ATLANTA — With one last trip to the postseason assured – albeit maybe for just nine innings – Chipper Jones is relishing the final days of his last season.
Atlanta, which clinched a wild-card spot on Tuesday night, is still chasing the Washington Nationals in the National League East. That’s not all that motivates the 40-year-old Jones to keep playing every day.
Jones, who plans to retire after the season, normally rests his aching knees every few days. Not this week. He said he’s starting every game in the six-game homestand that ends Sunday because he doesn’t want to disappoint fans coming to see him play.
“I just feel bad sitting out,” Jones said. “A lot of people are coming from all over the country to watch me play, to say goodbye, and I’m going to be out there.
“Now how much I’m out there, where we sit in the standings is going to have a lot to do with that, but I plan on starting every game.”
Jones, hitting .295 with 14 homers and 62 RBI, remains a key part of Atlanta’s lineup. He hit cleanup Thursday night against the Marlins.
The Braves will honor Jones before Friday night’s game against the Mets.
Commissioner Bud Selig said the celebration will be special because Jones has accomplished the rare feat of playing his full career with one team.
“Maybe it’s the generation I was brought up in, but here’s a player who was here 19 years, a great player, great on the field, but he played here as Robin Yount did in Milwaukee for me or George Brett in Kansas City and Derek Jeter in New York,” Selig said when he visited Atlanta in August.
“It means so much. You think of Chipper Jones, you think of the Atlanta Braves and I can see how much it means. How much has it meant to baseball? More than I think people can count. It means a great deal.”
Atlanta’s Eric Hinske, who sits beside Jones in the clubhouse, said he knows it hasn’t been easy for the third baseman to make it through the season.
“He hurts. His body hurts a lot, so it’s no surprise to me that he doesn’t want to continue to do it,” Hinske said Thursday. “Every day when he walks in, he does not look like he’s in good shape. But when he gets himself fired up and ready to go, he still can perform on the field. Obviously, his numbers are speaking for themselves at 40 years old.”
Jones’ career numbers are expected to earn him a spot in the Hall of Fame.
Jones’ 468 home runs are the third-highest total for switch-hitters, behind Mickey Mantle (536) and Eddie Murray (504). His 1,623 RBI are the most for a third baseman, passing Brett and Mike Schmidt this season.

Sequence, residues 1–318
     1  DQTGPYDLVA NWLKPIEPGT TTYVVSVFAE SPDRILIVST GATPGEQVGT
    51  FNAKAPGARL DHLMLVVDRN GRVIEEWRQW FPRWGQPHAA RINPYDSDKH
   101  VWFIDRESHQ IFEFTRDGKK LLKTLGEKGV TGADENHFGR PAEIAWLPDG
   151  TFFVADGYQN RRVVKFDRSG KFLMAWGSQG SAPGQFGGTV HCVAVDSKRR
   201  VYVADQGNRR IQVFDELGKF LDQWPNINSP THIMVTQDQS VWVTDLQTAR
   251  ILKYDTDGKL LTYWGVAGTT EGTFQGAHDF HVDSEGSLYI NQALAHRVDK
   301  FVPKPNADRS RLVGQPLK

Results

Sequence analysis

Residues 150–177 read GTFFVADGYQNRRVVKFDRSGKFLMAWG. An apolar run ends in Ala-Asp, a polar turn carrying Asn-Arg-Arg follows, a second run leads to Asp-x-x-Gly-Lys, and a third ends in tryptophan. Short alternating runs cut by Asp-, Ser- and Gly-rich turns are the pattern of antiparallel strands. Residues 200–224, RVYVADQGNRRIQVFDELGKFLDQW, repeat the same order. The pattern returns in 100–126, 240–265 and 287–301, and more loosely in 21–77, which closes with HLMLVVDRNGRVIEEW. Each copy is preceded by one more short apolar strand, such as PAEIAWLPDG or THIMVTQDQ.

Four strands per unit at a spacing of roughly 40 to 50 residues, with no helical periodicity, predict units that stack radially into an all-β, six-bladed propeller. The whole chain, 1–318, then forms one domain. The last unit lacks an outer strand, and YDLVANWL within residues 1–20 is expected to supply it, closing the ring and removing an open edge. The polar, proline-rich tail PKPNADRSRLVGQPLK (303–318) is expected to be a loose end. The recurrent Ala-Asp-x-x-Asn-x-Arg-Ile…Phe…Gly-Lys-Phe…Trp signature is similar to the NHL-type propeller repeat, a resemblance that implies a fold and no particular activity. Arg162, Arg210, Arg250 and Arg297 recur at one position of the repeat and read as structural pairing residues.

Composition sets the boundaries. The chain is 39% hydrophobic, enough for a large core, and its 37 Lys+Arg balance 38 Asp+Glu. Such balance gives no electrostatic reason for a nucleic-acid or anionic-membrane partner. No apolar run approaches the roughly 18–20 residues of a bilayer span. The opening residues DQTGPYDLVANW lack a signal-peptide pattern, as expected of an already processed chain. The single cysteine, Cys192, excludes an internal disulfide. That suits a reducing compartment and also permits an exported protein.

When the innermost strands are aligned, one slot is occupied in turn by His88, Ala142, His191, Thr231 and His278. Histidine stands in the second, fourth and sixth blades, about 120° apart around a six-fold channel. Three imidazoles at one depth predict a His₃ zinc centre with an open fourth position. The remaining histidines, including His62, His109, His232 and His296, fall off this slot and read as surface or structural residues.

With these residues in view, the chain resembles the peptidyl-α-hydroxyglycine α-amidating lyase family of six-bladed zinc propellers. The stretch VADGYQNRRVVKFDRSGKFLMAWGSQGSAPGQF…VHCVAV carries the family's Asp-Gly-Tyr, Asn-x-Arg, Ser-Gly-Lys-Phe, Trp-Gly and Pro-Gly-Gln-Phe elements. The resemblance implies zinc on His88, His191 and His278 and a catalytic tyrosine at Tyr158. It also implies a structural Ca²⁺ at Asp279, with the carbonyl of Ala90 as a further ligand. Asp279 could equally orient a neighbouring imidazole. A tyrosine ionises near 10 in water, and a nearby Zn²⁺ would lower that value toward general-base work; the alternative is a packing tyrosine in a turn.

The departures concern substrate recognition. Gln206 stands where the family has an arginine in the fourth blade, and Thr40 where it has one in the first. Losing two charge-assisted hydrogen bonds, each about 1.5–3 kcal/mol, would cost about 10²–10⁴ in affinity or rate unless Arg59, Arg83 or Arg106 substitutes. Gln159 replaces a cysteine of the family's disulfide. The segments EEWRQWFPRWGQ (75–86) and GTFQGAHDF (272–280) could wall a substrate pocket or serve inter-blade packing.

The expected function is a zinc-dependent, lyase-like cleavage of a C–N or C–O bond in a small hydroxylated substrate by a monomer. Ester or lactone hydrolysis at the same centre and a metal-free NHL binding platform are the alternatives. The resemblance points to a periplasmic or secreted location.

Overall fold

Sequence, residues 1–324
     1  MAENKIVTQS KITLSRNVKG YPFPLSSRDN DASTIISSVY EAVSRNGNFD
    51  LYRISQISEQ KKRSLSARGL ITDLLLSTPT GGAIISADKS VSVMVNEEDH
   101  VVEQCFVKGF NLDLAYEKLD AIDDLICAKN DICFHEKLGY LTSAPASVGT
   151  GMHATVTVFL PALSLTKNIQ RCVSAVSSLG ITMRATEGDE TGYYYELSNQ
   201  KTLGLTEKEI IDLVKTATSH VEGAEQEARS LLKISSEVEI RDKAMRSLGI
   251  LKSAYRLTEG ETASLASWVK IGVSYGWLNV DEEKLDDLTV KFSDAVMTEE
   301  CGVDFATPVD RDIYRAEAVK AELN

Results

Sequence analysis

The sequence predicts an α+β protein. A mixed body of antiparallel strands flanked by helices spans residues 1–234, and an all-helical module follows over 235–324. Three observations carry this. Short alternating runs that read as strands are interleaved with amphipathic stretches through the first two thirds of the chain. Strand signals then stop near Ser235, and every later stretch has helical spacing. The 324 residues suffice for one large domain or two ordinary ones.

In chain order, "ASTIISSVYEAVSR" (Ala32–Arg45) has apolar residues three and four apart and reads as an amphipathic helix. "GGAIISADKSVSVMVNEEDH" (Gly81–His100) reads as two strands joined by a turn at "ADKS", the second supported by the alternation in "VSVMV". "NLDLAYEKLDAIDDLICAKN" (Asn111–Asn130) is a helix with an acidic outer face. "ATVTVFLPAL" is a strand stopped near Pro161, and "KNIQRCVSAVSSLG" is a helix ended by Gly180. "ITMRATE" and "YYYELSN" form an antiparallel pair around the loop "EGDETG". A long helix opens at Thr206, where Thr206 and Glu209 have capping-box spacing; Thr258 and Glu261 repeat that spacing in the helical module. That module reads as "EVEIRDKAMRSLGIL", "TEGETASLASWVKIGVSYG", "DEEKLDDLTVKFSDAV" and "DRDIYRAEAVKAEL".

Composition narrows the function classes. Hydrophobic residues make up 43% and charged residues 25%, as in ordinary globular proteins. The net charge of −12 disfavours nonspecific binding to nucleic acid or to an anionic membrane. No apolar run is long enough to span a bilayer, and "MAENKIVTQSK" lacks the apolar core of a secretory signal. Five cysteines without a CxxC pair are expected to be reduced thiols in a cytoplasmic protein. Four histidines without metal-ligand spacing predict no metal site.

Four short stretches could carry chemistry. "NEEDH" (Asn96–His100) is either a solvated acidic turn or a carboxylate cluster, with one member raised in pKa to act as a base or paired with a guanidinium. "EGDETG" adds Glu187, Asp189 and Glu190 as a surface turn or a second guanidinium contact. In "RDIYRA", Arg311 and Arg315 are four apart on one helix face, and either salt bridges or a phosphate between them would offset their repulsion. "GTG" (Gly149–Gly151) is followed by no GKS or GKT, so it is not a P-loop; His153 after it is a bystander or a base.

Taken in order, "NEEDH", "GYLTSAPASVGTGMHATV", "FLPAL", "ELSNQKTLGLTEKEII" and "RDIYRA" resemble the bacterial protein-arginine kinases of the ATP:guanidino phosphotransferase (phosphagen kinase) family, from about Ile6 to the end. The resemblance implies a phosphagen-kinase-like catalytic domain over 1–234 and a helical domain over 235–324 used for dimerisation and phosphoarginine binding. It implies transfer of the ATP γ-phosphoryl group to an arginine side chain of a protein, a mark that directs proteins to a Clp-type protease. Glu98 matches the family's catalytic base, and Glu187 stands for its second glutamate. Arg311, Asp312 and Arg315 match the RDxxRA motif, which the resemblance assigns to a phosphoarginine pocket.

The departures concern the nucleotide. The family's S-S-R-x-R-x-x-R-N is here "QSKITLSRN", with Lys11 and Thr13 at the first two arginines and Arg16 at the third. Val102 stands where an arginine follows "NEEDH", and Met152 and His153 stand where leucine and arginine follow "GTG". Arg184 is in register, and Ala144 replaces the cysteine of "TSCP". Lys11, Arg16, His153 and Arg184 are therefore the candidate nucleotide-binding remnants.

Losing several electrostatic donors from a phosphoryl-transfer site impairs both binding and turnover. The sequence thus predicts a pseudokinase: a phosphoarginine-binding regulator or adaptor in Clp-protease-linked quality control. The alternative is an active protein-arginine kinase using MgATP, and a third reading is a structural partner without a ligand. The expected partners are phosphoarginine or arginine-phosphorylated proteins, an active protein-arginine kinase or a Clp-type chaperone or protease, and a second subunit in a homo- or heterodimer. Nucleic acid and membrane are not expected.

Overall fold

He hit .319 with 45 homers and 110 RBI in 1999, when he was named NL MVP. He won the NL batting title in 2008, when he hit .364.
He has a .305 career batting average and has never had 100 strikeouts in a season.
“He is, in my mind, the best third baseman to ever play the game,” Hinske said. “To sit here for three years next to him and see what he does and what he goes through, he’s all in. He’s been all in his whole career.
“He is who he is because he’s the one. He’s the guy. When he was born, he was touched on the way out. ‘You’re Chipper Jones.’ He even got a cool name.”
And Jones has a flair for the dramatic. He has hit two game-ending homers against the Phillies this season. His double set up Freddie Freeman’s ninth-inning homer that gave the Braves a 4-3 win over the Marlins on Tuesday night, clinching at least a wild-card spot.
“I mean, he hit two home runs on his bobblehead night. Who does that?” Hinske said of Jones’ big game against the Padres on Aug. 16.
Jones was drafted by the Braves with the first overall pick in 1990, when Bobby Cox was the general manager. Cox then was the Braves’ manager most of Jones’ career and is expected to be part of Friday night’s ceremony honoring Jones.
Jones was one of the Atlanta players who predicted Cox would never retire because he’s a baseball man. Now Jones has one week remaining in his final regular season, and he’s facing the same questions Cox faced when he retired after the 2010 season.
“Call me crazy, I don’t think you’ve seen the last of Bobby and I know you probably haven’t seen the last of me,” Jones said. “I know I’m going to want to be back in a uniform in some capacity later on in life, but I have other priorities I feel outweigh that in the very near future.”
But first there is one more postseason appearance for Jones, the only remaining player from the Braves’ 1995 World Series championship team.
Jones has played in 12 postseasons. He wants to enjoy the playoffs this year with some teammates, including Freeman, closer Craig Kimbrel and shortstop Andrelton Simmons, who will be playing in their first postseason.
If the Braves wind up as the wild card, they’ll have a one-game, winner-take-all matchup against the other wild-card team to advance.
“I want so much for these guys to be able to have a playoffs-type adrenalin, and that atmosphere is what it’s all about,” Jones said. “Which one of these guys is going to step up and be a hero? I’m excited to see all that.
“At the same time, when it’s over, that big gust of wind you’ll feel is me exhaling.”